Both my husband and I are self employed, so we spent much of today grappling with the world’s worst website, brought to you by the one and only HMRC.
Our lovely friend Rick helps us with our accounts and he is one of the calmest people I know. The website was making him so angry today that I was actually quite scared of him. It has the power to transform you into a raging psychopath.
I could go on for ever, but instead I shall tantalize you with phrases like ‘unique tax reference’, ‘wrong activitation code’ and ‘trust settings’. I shall ask you to log into a system that locks you out for an eternity if you make more than a couple of mistakes and then ask you to download a PDF that won’t download and then won’t let you input any information. Even writing about it makes me feel sick.
I’m sure whoever designed it is a lovely person, but the upshot of the site is that it makes you dread filing your return even more than you should do. It is genuinely difficult to use and must surely result in lots of people either a)failing to file a return b) filing late or c) filing wrong information. Any of these will result in fines from HMRC and more stress and expense for an individual/small business who just couldn’t get their head round this dreadful website.
I think you can imagine which direction I’m heading in now, namely the difference between the way us numpty tax payers are treated and the way HMRC treats the likes of Vodafone and Goldman Sachs. No hours spent sweating over the world’s worst website for these guys, just free lunches and gentleman’s agreements. No nasty letters or fines, just a pat on the back and that £7 billion tax bill, which could build rather a lot of schools, hospitals or council houses, is quietly forgotten.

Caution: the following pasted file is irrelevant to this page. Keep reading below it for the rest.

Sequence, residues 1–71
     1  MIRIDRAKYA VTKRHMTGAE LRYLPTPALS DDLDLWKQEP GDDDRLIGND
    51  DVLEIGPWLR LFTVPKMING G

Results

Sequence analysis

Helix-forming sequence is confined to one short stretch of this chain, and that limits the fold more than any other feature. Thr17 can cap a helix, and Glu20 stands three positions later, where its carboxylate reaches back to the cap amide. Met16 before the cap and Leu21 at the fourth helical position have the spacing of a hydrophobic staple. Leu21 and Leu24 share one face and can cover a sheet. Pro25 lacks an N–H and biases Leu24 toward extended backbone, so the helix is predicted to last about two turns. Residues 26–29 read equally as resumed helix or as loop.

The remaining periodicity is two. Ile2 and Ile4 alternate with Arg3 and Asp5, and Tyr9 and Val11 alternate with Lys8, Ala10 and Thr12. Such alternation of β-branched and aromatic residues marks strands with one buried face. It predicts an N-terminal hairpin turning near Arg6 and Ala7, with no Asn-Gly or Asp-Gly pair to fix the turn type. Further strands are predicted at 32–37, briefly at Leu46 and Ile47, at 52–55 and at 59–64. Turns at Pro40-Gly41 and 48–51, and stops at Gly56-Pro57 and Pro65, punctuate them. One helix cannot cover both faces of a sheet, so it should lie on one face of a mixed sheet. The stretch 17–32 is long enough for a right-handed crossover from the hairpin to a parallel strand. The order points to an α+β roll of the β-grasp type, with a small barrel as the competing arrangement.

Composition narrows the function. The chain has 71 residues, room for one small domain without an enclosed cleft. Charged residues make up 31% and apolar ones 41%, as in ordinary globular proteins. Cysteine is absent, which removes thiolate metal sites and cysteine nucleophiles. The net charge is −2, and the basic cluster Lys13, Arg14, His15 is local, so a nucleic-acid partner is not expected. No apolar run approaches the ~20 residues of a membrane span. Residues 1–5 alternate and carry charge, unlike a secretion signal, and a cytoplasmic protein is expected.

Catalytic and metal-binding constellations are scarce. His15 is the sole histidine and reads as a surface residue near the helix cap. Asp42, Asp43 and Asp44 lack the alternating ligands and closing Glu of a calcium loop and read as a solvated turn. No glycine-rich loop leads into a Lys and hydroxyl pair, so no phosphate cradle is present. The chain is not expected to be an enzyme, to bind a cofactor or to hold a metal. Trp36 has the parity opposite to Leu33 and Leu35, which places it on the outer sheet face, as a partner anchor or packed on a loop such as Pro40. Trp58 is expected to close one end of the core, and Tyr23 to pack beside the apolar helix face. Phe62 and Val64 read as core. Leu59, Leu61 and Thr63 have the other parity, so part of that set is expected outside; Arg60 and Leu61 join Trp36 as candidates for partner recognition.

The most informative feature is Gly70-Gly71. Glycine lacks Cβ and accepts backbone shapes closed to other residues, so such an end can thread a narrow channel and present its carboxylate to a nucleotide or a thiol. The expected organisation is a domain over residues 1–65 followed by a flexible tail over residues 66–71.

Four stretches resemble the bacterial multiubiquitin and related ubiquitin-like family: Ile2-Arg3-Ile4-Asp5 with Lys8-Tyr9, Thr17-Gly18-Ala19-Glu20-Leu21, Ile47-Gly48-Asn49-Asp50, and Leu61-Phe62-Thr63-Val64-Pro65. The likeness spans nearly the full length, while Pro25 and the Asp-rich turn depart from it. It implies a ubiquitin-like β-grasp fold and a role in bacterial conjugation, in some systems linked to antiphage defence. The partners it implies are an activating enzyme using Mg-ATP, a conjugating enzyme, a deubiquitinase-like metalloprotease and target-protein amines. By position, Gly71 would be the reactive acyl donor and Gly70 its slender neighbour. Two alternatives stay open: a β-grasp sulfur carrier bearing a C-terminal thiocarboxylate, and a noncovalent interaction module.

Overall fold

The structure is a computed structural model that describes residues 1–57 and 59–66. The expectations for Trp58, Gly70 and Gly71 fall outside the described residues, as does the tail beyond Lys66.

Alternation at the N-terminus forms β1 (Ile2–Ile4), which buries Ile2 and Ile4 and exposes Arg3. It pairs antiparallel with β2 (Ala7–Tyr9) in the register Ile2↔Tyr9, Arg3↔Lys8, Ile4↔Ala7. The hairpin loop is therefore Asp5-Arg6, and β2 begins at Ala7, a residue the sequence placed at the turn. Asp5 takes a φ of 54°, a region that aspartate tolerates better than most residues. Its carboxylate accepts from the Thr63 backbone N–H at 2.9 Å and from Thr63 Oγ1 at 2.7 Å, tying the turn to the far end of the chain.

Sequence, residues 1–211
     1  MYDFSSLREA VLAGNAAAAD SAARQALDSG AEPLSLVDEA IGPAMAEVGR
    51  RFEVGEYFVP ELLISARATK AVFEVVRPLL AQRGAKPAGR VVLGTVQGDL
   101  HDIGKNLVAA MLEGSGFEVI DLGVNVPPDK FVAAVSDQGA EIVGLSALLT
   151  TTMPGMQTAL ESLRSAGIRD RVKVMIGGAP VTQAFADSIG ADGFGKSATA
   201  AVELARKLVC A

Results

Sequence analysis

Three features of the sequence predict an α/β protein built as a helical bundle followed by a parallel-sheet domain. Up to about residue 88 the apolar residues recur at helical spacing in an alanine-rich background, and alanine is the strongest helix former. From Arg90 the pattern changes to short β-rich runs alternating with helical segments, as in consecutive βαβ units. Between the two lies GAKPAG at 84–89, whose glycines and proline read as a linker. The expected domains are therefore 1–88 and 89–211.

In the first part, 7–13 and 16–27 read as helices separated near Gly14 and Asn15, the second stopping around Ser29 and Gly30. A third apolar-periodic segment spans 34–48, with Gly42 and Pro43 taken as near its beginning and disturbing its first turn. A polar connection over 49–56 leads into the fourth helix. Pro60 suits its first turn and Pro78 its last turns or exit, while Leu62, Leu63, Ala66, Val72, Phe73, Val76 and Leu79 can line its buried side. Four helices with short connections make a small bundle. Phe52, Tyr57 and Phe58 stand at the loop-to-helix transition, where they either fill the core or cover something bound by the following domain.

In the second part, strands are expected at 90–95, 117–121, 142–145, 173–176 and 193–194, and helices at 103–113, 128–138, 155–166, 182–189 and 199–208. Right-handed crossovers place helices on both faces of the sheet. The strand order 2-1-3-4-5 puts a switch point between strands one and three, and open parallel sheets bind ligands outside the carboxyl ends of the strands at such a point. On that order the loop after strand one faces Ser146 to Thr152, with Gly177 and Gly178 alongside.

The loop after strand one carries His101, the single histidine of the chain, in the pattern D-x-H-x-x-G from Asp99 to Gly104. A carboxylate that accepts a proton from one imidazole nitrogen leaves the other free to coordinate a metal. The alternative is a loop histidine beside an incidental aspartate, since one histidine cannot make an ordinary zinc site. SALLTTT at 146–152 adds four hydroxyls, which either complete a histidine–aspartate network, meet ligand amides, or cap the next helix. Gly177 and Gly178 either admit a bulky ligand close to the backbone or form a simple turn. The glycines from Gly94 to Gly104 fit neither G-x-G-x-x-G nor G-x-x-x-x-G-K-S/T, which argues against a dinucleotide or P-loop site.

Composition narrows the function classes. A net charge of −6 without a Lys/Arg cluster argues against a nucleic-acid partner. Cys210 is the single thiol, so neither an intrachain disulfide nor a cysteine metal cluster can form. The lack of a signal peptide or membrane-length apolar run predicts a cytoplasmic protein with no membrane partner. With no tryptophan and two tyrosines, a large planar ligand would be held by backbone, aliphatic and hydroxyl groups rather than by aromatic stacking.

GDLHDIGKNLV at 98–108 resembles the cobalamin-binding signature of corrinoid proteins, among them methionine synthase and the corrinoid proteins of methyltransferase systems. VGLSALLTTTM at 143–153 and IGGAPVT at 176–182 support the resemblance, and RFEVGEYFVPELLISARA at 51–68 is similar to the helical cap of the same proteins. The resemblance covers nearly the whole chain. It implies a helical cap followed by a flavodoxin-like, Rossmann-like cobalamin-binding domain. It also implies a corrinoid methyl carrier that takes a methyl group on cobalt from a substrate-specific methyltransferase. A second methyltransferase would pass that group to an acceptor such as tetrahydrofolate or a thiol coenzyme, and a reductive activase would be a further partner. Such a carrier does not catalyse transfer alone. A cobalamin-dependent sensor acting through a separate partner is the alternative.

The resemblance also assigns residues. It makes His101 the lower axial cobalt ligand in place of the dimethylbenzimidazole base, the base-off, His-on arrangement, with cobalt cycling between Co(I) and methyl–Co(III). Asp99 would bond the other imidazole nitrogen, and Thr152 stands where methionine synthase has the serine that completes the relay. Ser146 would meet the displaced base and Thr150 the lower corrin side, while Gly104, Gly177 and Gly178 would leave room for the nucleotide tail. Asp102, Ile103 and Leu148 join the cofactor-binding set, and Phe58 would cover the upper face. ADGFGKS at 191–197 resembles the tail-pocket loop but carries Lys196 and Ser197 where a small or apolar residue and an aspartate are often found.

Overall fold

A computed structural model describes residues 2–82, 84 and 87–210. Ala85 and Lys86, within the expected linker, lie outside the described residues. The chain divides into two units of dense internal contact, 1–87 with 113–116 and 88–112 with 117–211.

The scandal has been highlighted brilliantly by the likes of UK Uncut and Occupy London, while the complex system of tax havens used by big business and wealthy individuals is investigated by Nicholas Shaxson in his ground-breaking book Treasure Islands.
Read it now. It’s amazing. It will blow your mind and make you even angrier (as if that were possible) the next time you log into the HMRC website.
Basically, the very act of paying tax in a regular way these days means you are a PROLE, a lower form of life. It means that you have failed to earn enough to afford a really crafty accountant, skilled in the Dark Arts of tax avoidance, which is legal, unlike tax evasion which is illegal. Why pay income tax with its 40 and 50 per cent tax brackets for high earners, when you can start a company and pay corporation tax or claim your earnings are a capital gain? Or if you travel a lot for work you could go ‘non dom’ and game the system even more.. All the smart people are at it; a friend of mine sheepishly admitted that she thought that she and her husband were the only parents at their son’s posh private prep school who weren’t ‘non dom’. I mean the SHAME of it all!!!!
Joking apart, the fact that all these clever dodges exist show that there really is one law for the rich and one for the poor as far as tax exists, while the normalisation of tax avoidance means that anyone who complains is seen as some kind of crazy Trot. It’s something that is obviously and ludicrously unfair, yet no-one in the political mainstream dares challenge it for fear of upsetting big business/the City/the markets – yadda, yadda, yadda.
Sorry for ranting; I think it’s some sort of post HMRC website traumatic stress disorder. So here’s a rather wonderful song by a rather wonderful artist called Buffy Sainte Marie. I think she says it all a lot more elegantly than I ever could: